President Barack Obama and Warren Buffett in the Oval Office, July 14, 2010.
In theory, the federal income tax rate is based on the progressive taxation system. A progressive tax is a type of tax system in which the tax rate increases based on level of income. In essence, the wealthy pay a larger tax percentage compared to those with lower incomes. However, as Warrant Buffett’s 2010 tax returns revealed, the federal income tax rate in practice actually decreases on those making significantly large incomes. Buffett earned $63 million last year, yet paid around $7 million in federal income tax and a mere $15,300 in payroll taxes. All said Warren Buffett, who is worth around 50 billion dollars, paid 17.4% in total federal taxes (income and payroll taxes) while the average American worker paid around 33%.
Warren Buffett has been championing increased taxes on wealthy Americans for years. Back in 2007, Buffett offered a million dollars on NBC Nightly News with Tom Brokaw to any member of the Forbes 400 that could prove they paid a greater tax burden than their employees.
“I’ll bet a million dollars against any member of the Forbes 400 who challenges me that the average tax rate for the Forbes 400 will be less than the average of their receptionists.”
Not one member of Forbes 400 has taken Mr. Buffett’s million dollar challenge. Greta Van Susteren of FoxNews posted on her blog several ways Warren Buffett could better spend his time by voluntarily paying more taxes.
Meanwhile, the nation is in the middle of a tax debate concerning the exact fairness of the federal tax code. From Herman Cain’s 9-9-9 plan to Occupy Wall Street, the American people are divided on whether or not the American wealthy is paying too much or too little in taxes. However, the majority of the current debate is based on economic theory and political ideology. Should the debate be placed on hold until more members of the top 1% release their tax returns?
Posted in Economic Policy, Taxes, The Budget, The Economy, The Recession, Wall Street
Tagged Buffett, Economic Policy, Forbes, Herman Cain, Tax, Tax rate, Taxes, United States, Warren Buffett
Mitt Romney knows how to treat America’s sick economy with his business experience. (05:38)
Posted in Campaigns, Presidency, The Budget, The Economy, The Recession, Unemployment, Wall Street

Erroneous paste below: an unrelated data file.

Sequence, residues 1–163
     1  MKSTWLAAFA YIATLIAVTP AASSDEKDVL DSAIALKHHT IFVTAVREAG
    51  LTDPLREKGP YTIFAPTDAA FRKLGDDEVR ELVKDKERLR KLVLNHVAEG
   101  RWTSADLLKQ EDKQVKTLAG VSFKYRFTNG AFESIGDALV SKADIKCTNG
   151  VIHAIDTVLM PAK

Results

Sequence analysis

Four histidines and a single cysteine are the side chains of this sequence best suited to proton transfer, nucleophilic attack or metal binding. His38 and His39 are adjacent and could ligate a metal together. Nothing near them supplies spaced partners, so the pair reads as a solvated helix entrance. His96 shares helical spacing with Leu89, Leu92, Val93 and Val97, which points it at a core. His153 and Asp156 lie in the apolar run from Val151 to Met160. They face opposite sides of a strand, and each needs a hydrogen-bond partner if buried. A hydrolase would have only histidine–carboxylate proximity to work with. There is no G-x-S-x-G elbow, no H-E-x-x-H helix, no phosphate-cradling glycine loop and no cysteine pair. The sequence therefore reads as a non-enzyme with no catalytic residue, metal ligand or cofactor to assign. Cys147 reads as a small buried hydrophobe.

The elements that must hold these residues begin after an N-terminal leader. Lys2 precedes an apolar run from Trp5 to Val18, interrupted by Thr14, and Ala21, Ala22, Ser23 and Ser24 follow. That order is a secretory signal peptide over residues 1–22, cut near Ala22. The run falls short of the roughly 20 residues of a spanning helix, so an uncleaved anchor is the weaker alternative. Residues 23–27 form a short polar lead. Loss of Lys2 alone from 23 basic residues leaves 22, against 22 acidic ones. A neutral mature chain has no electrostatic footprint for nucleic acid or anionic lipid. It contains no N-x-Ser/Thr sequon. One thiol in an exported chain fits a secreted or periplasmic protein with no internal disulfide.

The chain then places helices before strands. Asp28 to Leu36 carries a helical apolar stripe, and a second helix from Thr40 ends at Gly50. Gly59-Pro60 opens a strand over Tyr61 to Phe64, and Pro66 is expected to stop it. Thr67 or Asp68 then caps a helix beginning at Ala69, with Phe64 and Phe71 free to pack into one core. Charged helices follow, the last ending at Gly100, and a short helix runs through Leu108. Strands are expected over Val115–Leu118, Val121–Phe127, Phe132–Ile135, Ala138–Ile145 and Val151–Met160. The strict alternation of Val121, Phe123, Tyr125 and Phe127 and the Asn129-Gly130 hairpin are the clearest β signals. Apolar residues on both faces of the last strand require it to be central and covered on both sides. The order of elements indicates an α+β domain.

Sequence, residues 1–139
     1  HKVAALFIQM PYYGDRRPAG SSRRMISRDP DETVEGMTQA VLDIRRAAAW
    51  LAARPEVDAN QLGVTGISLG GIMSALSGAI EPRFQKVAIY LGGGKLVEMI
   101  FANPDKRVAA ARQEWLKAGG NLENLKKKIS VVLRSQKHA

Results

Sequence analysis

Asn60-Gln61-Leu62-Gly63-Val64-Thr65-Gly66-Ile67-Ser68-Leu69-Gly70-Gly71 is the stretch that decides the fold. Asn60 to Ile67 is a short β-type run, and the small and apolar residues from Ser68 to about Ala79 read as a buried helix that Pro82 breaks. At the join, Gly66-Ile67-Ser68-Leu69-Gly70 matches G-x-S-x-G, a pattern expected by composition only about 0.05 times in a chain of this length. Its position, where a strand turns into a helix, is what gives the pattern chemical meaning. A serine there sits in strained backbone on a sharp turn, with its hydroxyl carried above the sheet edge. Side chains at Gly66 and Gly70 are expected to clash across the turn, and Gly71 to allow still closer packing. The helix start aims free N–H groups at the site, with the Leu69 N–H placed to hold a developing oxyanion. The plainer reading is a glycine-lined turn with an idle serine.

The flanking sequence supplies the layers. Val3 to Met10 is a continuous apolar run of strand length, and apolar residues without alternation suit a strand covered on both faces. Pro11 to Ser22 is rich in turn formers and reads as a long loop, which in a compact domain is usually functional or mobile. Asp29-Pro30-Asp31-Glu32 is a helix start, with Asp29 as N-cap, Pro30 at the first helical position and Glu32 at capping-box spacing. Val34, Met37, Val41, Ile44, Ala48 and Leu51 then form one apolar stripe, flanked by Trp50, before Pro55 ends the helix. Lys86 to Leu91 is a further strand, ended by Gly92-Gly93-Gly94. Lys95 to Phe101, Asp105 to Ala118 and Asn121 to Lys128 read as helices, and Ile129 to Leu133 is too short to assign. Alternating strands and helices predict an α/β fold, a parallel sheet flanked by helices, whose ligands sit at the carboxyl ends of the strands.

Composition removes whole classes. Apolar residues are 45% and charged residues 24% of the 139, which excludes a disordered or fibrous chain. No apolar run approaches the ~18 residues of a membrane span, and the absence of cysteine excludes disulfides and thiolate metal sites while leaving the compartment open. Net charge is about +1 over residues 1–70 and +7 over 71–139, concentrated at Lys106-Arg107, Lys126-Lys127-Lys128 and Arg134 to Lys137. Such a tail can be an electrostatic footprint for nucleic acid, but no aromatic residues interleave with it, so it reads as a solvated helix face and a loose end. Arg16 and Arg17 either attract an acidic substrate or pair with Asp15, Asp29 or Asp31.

Tagged Barack Obama, Budget, Campaigns and Elections, Colbert Report, Economic Policy, Government debt, Mitt Romney, Presidency, Republican, Republicans, Stephen Colbert, unemployment, Wall Street
Working on Wall Street always meant great pay, fabulous perks and year-end bonuses that would make you feel as if you’d won the lottery. But that was before the Great Recession. Now, unemployed traders and bankers are finding out that high-paying jobs are nearly impossible to come by, as layoffs and slow economic growth continue in the finance sector. (10/11/10 ABC News, Tara Murhpy) … Read Article
1. What factor accounts for the lower salary in the financial sector according to Heidi Shierholz?
2. According to Shierholz, unemployment rate is expected to remain high for the next several years. How long before the economy recovers to the pre-recession unemployment rate? How many jobs will it take to maintain a steady unemployment rate relative to the population growth?
In a recent poll MPSL students were asked their opinion about the statement that “The Troubled Asset Relief Program (TARP) helped to prevent another Great Depression.” The result: about 58% Strongly Agree that TARP helped to prevent another Great Depression; about 12% Agree; about 6% Disagree; while 24% Strongly Disagree. In a similar nation-wide poll by the Pew Research/National Journal Congressional Connection, 38% of Americans think that the loans to the banks helped to prevent a more severe economic crisis; 54% think it did not help; while 8% is unsure.
Critics of the Troubled Asset Relief Program (TARP) believe it was a bailout for Wall Street at the expense of Main Street. What do you think?
The $700 billion government bailout of the financial system ends on October 3. The debate continues as to whether the program benefited Wall Street at the expense of Main Street. Republicans try to capitalize on the unpopularity of the program in an election year while Democrats are forced to defend the program as having saved the country from another Great Depression. This article sheds light on the contending opinions over the program. (9/30/10 ABC News, Matthew Jaffe) … Read Article
1. What, according to the Congressional Oversight Panel, is the greatest consequence of the TARP?
2. Why is the TARP unpopular among many taxpayers?
Posted in Banks, Bureaucracy, Congress, Economic Policy, Elections, Political Parties, Presidency, The Economy, The Recession, Unemployment, Wall Street
The recent financial fiasco with big banks leaves consumers now having a second thought about doing business with banks. The Early Show’s financial contributor Vera Gibbons compares banks and credit unions. Would a credit union be a better alternative for you? (12/17/2009 CBSNewsOnline)
1. How would you determine which credit union to join. What are some specific signs to look for?
2. Compare bank and credit union rates for car loans and home loans as reported in the video. How do credit unions compare with banks in overall satisfaction rate?